It’s not an accident that risk and compliance are steadily gaining ground as concerns in the IT industry in light of the financial and regulatory scandals over the past decade. Companies are increasingly turning to enterprise software to help with these problems. But, as Forrester points out in a recent paper, software without planning is just an unnecessary financial burden.
The paper, entitled Navigate the Future of Compliance and Risk Management, argues that even without the financial scandals better compliance was going to be necessary.
Increased regulation saw, for example, the introduction of the Sarbanes-Oxley Act, while the continuous development of malware, like the recent Flame worm, means that security is still a major problem.
An interesting figure emerged recently from a survey by Accenture, which the Forrester report cites, indicating that 45% of executives report that their company has a chief risk officer, up 33% from just two year prior to that.
This was underlined by Forrester’s own research across 1,800 business decision makers, 25% of whom listed a tougher regulatory environment as one of their primary IT issues.
The Role of Risk Professionals
Not the first time we have heard this, you’ll admit, but what does that mean? What exactly do risk professionals do? And more to the point, what are they doing anywhere near IT departments?
Before looking at this, we are not here to promote risk professionals, but simply to point out that many companies now have one.
First thing to say about this is that risk professionals are responsible for the risk and compliance management of a company including their risk and compliance software.
Generally speaking, while this this kind of software is probably good for some companies, the implementation of these kind of solutions could be happening too quickly (we never thought we’d ever say that about any software package here!).
According to Forrester, it takes a high degree of discipline and strong execution to run risk and compliance programs on the broad scale currently asked of them. The conclusion from this is that businesses need to look ahead at how business and expectation of IT risk management are changing.
Navigating Business Change
For risk managers, what does this mean? The problem is that the problem is not always the same; in fact, it changes all the time. Risk managers are supposed to enable businesses to meet their maximum potential without having to worry about the nasty side of software.
To do this, they have to understand how business parameters and goals are changing. According to Forrester, three major business trends will have a serious impact in this respect over the next five years:
- Individuals and Power
- Exposed organizations
- Business Complexity
Individuals and Power
The problem is that, once you get a disgruntled employee into your network, you potentially have a serious problem. The list of rogue traders, for example, is a long one, with a rogue trader at UBS costing the company US$ 2.3 billion in losses.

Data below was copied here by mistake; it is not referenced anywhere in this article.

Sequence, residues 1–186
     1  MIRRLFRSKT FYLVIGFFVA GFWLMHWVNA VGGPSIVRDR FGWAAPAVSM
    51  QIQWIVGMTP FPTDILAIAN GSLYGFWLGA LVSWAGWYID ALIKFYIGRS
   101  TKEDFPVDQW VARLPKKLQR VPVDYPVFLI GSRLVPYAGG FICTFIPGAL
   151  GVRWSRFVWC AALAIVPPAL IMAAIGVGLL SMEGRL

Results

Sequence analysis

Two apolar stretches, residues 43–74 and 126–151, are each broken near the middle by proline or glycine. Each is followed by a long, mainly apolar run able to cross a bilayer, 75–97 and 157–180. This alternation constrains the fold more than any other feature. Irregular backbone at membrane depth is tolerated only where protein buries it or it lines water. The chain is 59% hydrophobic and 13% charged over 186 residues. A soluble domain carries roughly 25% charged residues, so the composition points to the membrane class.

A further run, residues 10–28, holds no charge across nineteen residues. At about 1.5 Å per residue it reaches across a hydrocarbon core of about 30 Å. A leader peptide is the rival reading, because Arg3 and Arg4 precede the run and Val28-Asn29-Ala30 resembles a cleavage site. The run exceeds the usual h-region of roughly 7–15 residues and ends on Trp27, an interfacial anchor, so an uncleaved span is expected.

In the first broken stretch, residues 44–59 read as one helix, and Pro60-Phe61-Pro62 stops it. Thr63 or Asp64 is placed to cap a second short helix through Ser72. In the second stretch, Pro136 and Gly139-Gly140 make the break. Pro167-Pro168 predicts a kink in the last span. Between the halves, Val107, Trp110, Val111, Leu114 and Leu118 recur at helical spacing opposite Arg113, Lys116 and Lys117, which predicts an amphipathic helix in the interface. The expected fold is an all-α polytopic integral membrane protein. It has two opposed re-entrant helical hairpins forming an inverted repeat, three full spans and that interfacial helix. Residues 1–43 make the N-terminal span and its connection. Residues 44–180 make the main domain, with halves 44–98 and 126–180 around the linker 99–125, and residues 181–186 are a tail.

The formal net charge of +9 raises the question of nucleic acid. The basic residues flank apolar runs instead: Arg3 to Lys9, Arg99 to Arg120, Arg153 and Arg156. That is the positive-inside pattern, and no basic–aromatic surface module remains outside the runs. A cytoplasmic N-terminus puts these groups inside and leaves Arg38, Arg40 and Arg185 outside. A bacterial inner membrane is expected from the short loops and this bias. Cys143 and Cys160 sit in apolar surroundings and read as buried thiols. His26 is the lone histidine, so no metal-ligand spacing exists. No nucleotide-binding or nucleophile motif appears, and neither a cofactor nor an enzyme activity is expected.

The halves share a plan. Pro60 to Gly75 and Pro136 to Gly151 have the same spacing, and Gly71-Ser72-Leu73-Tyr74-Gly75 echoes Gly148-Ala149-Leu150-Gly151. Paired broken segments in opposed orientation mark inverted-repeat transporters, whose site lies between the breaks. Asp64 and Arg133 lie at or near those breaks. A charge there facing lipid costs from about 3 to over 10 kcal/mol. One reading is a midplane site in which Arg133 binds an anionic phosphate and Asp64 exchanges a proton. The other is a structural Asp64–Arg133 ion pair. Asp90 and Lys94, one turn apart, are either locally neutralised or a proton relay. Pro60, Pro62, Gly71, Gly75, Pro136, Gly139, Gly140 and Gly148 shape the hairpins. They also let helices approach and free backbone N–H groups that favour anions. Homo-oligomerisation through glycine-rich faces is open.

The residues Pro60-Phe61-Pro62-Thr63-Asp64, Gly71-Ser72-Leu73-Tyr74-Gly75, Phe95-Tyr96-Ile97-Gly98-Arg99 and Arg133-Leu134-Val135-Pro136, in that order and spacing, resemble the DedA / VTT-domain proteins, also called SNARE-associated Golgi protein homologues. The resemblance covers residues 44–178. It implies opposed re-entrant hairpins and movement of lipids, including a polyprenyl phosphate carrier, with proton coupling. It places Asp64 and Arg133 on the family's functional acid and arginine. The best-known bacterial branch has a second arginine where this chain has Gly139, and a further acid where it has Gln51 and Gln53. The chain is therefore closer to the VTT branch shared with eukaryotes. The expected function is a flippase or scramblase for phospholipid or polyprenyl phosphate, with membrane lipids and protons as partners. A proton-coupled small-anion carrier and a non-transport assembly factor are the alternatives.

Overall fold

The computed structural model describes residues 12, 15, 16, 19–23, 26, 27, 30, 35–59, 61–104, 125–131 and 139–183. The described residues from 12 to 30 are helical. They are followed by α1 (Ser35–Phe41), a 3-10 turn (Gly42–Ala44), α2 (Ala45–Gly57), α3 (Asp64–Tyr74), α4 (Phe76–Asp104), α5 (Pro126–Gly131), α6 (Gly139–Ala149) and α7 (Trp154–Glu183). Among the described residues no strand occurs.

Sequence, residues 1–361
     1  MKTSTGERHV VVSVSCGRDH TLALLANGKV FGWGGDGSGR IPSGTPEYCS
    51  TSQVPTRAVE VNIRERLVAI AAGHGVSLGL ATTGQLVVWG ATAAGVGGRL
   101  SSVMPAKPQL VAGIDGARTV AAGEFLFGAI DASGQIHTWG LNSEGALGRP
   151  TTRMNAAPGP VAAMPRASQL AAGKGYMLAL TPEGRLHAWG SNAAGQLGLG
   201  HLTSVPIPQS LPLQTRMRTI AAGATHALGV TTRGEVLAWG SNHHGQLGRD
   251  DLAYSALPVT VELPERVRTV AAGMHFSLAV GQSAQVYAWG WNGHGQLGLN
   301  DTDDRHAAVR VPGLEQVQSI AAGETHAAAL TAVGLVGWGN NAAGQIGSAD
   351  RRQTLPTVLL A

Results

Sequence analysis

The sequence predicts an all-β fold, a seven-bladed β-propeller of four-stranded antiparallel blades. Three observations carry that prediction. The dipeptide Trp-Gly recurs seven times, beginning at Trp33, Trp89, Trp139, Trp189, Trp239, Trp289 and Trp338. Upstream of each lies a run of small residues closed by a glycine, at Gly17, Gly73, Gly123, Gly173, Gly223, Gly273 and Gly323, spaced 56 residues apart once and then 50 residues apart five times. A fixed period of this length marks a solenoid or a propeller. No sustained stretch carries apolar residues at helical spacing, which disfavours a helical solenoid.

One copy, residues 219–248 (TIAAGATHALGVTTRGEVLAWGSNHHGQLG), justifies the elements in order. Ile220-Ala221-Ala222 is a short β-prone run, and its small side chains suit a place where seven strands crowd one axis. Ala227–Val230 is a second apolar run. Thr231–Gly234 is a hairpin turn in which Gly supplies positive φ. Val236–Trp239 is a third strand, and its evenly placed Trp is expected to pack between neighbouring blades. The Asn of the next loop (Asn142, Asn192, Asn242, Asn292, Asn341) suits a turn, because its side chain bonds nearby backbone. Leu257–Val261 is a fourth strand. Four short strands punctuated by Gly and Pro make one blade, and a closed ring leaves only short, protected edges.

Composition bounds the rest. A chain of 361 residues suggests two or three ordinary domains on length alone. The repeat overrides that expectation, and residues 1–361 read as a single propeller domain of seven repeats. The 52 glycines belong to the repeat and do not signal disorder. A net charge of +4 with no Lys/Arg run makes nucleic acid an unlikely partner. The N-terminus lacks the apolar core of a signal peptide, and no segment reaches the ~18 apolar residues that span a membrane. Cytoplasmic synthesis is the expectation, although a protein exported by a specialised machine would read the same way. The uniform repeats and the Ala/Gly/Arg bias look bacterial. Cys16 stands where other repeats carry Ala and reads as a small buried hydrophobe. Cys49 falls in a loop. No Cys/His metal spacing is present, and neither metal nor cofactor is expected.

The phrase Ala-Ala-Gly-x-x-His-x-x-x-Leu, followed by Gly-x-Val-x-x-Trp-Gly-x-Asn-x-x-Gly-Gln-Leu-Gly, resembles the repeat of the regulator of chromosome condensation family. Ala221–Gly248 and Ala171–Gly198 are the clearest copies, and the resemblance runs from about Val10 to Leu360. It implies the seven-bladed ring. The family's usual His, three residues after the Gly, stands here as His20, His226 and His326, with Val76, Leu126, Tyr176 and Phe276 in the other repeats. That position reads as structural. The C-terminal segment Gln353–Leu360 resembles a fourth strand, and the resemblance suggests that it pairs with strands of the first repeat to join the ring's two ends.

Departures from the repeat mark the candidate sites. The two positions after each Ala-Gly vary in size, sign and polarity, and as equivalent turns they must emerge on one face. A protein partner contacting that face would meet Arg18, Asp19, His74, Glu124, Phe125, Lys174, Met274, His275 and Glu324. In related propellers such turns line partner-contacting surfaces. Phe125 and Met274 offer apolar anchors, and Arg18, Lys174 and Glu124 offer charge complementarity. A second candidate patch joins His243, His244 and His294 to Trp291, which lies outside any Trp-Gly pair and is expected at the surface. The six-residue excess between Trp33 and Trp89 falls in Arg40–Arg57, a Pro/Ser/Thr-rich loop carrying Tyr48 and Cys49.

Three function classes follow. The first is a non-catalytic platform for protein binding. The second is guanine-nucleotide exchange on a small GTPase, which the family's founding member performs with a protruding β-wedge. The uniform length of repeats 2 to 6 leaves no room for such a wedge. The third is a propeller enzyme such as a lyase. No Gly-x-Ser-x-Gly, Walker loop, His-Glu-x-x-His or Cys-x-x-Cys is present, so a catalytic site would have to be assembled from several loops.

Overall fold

Here in France at the moment, the case of Jerome Kerviel’s illicit trades, which cost Société Générale $6.7 billion less than three years earlier, is still going through the courts. While he personally has received all kinds of reprimands – prison sentences included — Société Générale is still getting hammered over this. And the list goes on.
But there are tools that could have caught many of these people with their hands in the dirt. Forrester recommends in this respect:
- Improve controls with better monitoring with tools such as transaction monitoring and social listening platforms
- Push greater individual accountability with, for example, marketing teams understanding that they too are responsible for customer interactions
Unchecked Business Complexity
As businesses gain more complexity, they also develop more dependence on third-party eco-systems that have led to the untested assumptions and techniques that lead to uncontrolled business transactions.
However, it is possible to mitigate this risk by earlier involvement in decision processes with the involvement of risk managers before decisions are made and not after.
Employees with concerns about their organizations now have a formal outlet and substantial incentives for reporting issues that led to enforcement actions with the Securities and Exchange Commission’s whistle-blower program announced in 2011.
Forrester recommends that enterprises improve their business intelligence capabilities to ensure you can monitor when information leaves the company, as it inevitably will. It suggests enterprises:
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